Is it possible to win and lose at the same time? That's the Talmudic-like question for Yuri Foreman, the boxer and rabbinic scholar living Brooklyn who lost his first title defense last night at Yankee Stadium.
Around midnight, as Miguel Cotto, the resilient four-time world champion of Puerto Rico, began to stockpile winning rounds on the scorecards, busted up Foreman's nose, cut him over the eyes, and stalked him from corner to corner, it was clear Cotto's skills and experience and schooling were too much for Foreman to handle. He'd only won a round on two of the judges' scorecards, and two rounds on the third. The only question seemed to be: Was he going to lose a decision in front of some 20,000 fans mostly allied with Cotto? Or was he going to get knocked out?
Then Foreman's right knee gave. He fell, awkwardly. He got up and hobbled around in pain. Was the fight going to be stopped?
His wife got up from her seat and ran as close to the ring as she could, hollering out to his trainers, "Stop the fight! Stop the fight!"
Foreman fought on with one leg, trying to stave off Cotto, who swarmed and walloped him. But Foreman now had the crowd on his side. Before the fight, Foreman was booed and heckled by Cotto's fans. Now they were cheering the wounded man on.
A white towel came floating in the ring. The fight was stopped. Pandemonium ensued. Then the fight was started again by referee Arthur Mercante Jr., who believed the white towel had come into the ring from an outside source, and felt Foreman still had a shot hobbling around with the gimp knee. As the battle turned into David and Goliath, it felt for a moment that the boxing gods were on Foreman's side, and that in the midst of injury and great pain he might land a clean punch and take Cotto out.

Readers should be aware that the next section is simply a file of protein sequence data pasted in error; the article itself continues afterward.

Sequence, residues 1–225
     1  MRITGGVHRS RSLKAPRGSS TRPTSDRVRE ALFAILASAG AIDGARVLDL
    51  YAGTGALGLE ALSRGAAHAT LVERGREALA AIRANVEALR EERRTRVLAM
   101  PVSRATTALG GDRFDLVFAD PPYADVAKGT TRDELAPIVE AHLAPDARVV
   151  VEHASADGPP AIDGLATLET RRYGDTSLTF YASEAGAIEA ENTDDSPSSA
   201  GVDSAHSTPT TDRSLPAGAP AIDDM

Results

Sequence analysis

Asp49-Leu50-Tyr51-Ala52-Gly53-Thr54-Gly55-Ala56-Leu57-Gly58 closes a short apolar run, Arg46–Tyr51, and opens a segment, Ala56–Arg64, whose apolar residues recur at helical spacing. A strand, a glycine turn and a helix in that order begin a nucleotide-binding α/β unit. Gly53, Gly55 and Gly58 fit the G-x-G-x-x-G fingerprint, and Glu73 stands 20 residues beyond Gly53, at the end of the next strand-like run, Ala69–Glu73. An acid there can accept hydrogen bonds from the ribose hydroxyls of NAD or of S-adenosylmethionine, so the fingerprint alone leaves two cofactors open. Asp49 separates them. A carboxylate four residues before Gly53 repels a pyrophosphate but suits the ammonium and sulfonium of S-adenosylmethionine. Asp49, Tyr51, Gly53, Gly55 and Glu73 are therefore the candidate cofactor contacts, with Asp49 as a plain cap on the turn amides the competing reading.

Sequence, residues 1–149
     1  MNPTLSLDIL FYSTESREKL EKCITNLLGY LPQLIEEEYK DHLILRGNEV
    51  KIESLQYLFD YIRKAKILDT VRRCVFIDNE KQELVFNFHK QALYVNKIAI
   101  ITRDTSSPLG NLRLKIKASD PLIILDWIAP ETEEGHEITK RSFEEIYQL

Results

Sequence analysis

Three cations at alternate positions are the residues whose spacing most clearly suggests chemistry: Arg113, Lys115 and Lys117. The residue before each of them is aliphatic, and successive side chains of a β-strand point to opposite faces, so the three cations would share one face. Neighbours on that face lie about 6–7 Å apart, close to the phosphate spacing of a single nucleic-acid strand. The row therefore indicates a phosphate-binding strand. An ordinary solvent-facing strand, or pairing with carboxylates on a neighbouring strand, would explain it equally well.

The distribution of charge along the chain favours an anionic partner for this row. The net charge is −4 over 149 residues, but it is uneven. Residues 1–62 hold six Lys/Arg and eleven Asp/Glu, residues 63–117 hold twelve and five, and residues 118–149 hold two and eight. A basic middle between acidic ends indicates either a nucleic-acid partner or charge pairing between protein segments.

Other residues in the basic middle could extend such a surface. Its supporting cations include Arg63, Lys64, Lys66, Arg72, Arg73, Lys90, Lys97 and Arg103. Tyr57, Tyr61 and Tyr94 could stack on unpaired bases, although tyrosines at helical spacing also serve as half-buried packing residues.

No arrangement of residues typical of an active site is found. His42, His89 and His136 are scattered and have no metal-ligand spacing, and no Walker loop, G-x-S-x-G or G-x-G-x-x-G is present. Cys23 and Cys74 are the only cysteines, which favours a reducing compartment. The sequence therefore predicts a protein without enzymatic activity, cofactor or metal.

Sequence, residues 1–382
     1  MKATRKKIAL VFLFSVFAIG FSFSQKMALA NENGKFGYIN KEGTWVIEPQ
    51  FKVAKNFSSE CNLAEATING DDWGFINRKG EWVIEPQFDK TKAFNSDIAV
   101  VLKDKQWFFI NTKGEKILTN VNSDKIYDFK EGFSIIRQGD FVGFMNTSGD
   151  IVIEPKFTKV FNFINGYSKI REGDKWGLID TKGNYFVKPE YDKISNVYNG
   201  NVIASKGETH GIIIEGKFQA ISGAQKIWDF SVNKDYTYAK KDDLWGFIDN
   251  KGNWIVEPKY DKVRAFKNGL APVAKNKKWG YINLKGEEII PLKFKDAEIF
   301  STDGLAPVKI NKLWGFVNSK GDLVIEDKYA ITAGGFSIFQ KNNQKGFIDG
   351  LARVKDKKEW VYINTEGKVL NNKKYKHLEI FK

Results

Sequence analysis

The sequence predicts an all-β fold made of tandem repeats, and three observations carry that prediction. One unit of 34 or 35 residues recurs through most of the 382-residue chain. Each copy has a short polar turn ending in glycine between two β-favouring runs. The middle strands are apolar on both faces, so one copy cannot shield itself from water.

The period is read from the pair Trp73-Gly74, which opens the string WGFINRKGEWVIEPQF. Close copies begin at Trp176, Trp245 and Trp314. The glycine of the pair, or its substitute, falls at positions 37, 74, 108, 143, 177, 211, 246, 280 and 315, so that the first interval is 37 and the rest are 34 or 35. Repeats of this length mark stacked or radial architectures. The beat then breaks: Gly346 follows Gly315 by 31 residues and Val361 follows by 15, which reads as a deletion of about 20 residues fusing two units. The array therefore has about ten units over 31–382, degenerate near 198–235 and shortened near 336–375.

But then, in the ninth, Cotto landed a liver shot, Foreman went down on the bum knee, and the ref waved the fight off.
So a loss for Foreman, his first. But not a defeat. His grit earned him a new reputation as a gutty fighter, and that's what fans want to see. For years Foreman's reputation was of a cautious defensive boxer, who circled his opponents, rarely threw punches, and eked his way to decisions. Early on, the sport's premier managers did not want to sign him to contracts because they thought his style was boring. He had no knockout power, and the producers at HBO want to broadcast knockout artists. Now, through the courageous loss, he was able to redefine himself: not as a winner, but as a warrior.
"Next time," Foreman said after the fight. If he'd gotten knocked out or lost a lopsided decision, there might not have been much interest in Foreman anymore. The trick now for Foreman is to find the right opponent who will help him grow his legend, earn a few more paydays, then retire as the rabbi who wouldn't quit.